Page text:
With 2020 nearly wrapped up, I think we can all agree it’s been a very difficult year. As the old saying goes, “The only constant in life is change”, and that was certainly true in 2020! The world is a constantly changing place… this year especially!
Despite 2020 being one of the worst years economically in recent memory, the stock market was actually up in 2020. Which seems a bit strange at first, but it probably has more to do with extremely low interest rates rather than improving corporate profitability.
It’s the one shiningly positive part of 2020 everyone can look back at!
But let’s not fool ourselves, the stock market can and will change its tune at any time. Next year could be a terrible year.
Most people invest with the hope the stock market is going to go up — They hope to make money, but in reality have zero control over what the stock market is going to do. They invest their money, and then hope for the best.
“Up! Up! Up!” go the chants of the hopeful.
Is this actually investing? Or is it speculation? To me, it’s speculation. Gambling. It’s no different than sitting down at a casino, and putting your money on the table.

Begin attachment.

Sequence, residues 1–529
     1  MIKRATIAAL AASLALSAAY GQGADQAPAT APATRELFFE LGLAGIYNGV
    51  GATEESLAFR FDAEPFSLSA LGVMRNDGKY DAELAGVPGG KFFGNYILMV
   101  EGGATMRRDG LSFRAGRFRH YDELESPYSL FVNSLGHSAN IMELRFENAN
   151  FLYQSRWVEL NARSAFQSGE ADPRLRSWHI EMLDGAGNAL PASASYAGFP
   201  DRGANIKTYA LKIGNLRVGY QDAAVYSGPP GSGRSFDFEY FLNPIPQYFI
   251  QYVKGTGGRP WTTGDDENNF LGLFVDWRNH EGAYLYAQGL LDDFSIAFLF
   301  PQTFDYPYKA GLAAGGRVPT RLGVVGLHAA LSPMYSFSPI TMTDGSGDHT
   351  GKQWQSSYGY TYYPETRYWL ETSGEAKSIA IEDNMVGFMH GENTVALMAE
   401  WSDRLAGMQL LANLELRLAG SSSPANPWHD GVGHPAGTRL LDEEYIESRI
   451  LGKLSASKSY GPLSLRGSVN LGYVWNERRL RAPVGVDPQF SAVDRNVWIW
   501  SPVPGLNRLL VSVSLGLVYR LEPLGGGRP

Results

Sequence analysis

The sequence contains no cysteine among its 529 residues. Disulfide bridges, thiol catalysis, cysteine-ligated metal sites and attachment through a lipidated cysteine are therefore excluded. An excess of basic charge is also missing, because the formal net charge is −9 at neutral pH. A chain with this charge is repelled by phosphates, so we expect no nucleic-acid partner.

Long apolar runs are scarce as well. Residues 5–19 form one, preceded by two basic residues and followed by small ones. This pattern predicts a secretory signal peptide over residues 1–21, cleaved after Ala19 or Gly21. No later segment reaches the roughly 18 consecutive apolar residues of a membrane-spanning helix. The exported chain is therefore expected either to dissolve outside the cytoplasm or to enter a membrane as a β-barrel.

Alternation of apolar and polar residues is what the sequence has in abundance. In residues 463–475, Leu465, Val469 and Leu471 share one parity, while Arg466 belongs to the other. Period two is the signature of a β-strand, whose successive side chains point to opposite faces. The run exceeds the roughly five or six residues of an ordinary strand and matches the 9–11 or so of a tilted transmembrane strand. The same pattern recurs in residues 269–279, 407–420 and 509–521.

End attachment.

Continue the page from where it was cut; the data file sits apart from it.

This year investors got lucky. They rolled the dice and won … this time. What about next year?
Hope Is Not A Strategy
“Hope is not a strategy.” A very smart person once told me this, and he was absolutely right. It’s a philosophy that I’ve carried with me for years, and one I want to share it with you today.
Winning (or succeeding) is not about relying on hope. Hope brings success only if your lucky. Strategy is about being prepared for many potential outcomes, and finding a way to win regardless of whichever outcome happens.
This is the difference between investors and speculators. Real investors invest with a strategy and they can make profits in all kinds of markets. They also stick to a strategy instead of getting sucked into whatever’s fashionable that year.